Rosemarie Emanuele

"Math Geek Mom"

Although she holds a Ph.D. in economics from Boston College, Rosemarie Emanuele is a professor and the chair of the Department of Mathematics at Ursuline College in Pepper Pike, Ohio, just outside of Cleveland. She loves to teach math but also pursues research related to the economics of nonprofit organizations and volunteer labor, and has published in both economics and interdisciplinary journals — as well as in the book that inspired this blog. She is the proud mother of a wonderful daughter.

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Most Recent Articles

July 8, 2010
There is a concept in Labor Economics known as "internal labor markets," which notices that many firms hire employees only at specific points in their career paths and then train them with very firm specific training once they are there. This is a concept that most of us in academics readily acknowledge, as many faculty members are hired at the assistant professor level and then progress on their career paths within that one institution.
July 1, 2010
Labor economists have an interesting way of looking at leisure time, and it should not come as a surprise to anyone at this time of the year. We call most things that we can buy “normal goods”, because more income generally leads us to buy more of such things. Along these lines, we recognize that leisure is actually a “normal good”, and something that is desired and, in a sense, “purchased” when we take time out to enjoy ourselves rather than use that time to work and earn money.
June 24, 2010
The Fall of 2001 was a difficult one for most of the country, as we collectively got used to the strange new world that included terrorist threats and more fear than most of us had ever experienced in our lives. It was an especially difficult time for me because I was using more than the usual number of adjunct professors that semester and because my husband and I were moving in the midst of applying to adopt a child.
June 17, 2010
I was probably teaching statistics the second or third time around when I finally stumbled upon a good understanding the idea of "random." I had once thought that randomness meant a complete lack of predictability, that there was actually no pattern underlying outcomes. However, I eventually realized that predictability is exactly what randomness is about. If I flip a coin, I can expect it to come up "heads" half of the time, thus giving me a "random variable" that is actually quite predictable. For example, out of ten flips of a coin, one might expect five of them to come up heads.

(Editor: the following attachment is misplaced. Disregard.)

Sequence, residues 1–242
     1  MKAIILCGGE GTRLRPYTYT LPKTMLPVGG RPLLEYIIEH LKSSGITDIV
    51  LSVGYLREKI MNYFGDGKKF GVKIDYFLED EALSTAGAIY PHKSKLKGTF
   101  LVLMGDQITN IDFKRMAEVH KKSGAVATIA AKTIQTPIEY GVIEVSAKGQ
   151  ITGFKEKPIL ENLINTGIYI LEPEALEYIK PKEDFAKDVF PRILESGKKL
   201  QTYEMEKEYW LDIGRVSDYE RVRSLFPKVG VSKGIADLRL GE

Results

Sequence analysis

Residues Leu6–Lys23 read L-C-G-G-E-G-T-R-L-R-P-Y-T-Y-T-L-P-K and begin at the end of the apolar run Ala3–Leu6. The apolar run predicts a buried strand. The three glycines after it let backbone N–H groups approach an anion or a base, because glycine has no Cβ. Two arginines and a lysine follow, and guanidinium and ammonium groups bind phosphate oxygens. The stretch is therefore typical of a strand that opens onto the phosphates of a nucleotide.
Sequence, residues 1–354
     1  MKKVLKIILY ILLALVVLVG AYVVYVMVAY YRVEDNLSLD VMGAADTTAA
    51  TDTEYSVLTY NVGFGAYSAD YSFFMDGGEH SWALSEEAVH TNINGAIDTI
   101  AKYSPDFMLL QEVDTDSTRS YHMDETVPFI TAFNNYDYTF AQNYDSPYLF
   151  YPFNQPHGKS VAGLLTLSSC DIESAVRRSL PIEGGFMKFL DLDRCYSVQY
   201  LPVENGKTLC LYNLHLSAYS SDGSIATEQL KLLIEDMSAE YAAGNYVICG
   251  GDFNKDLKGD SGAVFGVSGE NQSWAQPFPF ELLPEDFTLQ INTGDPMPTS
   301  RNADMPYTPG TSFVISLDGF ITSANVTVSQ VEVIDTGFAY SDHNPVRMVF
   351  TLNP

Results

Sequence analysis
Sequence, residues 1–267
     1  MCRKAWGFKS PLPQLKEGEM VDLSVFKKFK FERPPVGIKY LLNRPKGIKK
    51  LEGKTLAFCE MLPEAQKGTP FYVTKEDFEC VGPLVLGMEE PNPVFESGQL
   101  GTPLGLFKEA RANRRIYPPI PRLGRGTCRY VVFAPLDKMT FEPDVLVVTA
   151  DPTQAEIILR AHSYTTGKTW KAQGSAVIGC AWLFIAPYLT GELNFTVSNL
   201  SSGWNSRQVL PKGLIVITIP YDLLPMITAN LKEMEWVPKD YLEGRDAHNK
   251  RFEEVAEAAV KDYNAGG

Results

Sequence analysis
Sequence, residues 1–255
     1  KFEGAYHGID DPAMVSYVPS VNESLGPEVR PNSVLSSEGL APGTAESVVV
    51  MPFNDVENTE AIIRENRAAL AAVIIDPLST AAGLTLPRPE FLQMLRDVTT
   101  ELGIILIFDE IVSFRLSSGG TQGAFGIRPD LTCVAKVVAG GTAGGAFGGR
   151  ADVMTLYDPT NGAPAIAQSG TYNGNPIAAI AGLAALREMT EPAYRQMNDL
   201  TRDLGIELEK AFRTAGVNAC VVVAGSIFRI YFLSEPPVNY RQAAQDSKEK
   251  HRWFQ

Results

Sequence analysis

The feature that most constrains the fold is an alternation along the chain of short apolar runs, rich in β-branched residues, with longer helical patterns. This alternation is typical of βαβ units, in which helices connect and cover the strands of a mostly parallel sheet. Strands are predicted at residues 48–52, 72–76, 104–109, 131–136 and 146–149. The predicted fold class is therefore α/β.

June 10, 2010
In the center of Boston is the Boston Common, where there are several small statues of the ducklings made famous by the book “Make Way for Ducklings”. Long before I became a parent, I bought a painting from a local Boston artist that depicted the statues of the ducklings from that children's book. In a decision of radical faith in the future, and one that involved finding a few extra dollars that I, as a graduate student, didn’t really have at the time, I bought it and decided that if I was ever to have a child, I would hang it in their room.
June 3, 2010
I have written in this column before about the concept of "opportunity cost." This topic from economics says that every choice involves a cost, that when we choose to do one thing, we automatically choose not to do something else. When I think of the sacrifices my parents made so that my sister and I could obtain college educations, I realize that there were many opportunity costs to the decisions they made.
May 27, 2010
In economics, we talk about education as a way to build “human capital”, which will later be put to productive use in the labor market. It is one way that people can improve their chances of earning income, and the level of income earned. This is something that my parents, children of my immigrant grandparents whose education stopped at “continuation school”, knew instinctively as they navigated the world of education for me and my sister. This led them down paths that included religiously-focused education, at a Catholic grammar school and a Catholic high school.
May 20, 2010
Once, years ago, I found myself at a party talking about what it would mean to divide by zero. (No wonder I was terminally single at the time!) I explained that, while we can’t divide by zero, we can think of approaching a divisor of zero, and see what happens. Think first of dividing 1 by 1, to get 1/1, or 1. Now divide 1 by 0.1, to get 10. Continue on to divide 1 by 0.01 to get 100, and 1 by 0.001 to get 1000. You can see that if you continue on like this, the smaller the divisor gets, the larger the ratio gets.
May 13, 2010
Imagine a number line, extending in both directions infinitely. Above this line we might graph bars that represent the proportion of observations of something that fall within any given interval on the number line. We can do this for much of the data sets that show up in nature, such as the length of a leaf on a tree, the height of a grown woman, the average body temperature or even the length of a human life. When we start graphing these data that show up in nature, we notice that they tend to all look slightly similar.
May 6, 2010
The idea of a tangent line is central to many aspects of mathematics. In geometry, we study when a line rests on another figure at just one point, the point of tangency. In calculus, the slope of the line tangent to a curve at a point becomes the “derivative” of that curve at that point. One can even think of tangencies in more than one dimension. Imagine an (x,y) plane drawn on a table with a three dimensional object resting on it. One can therefore find a point of tangency in the x direction, and also one in the y direction.

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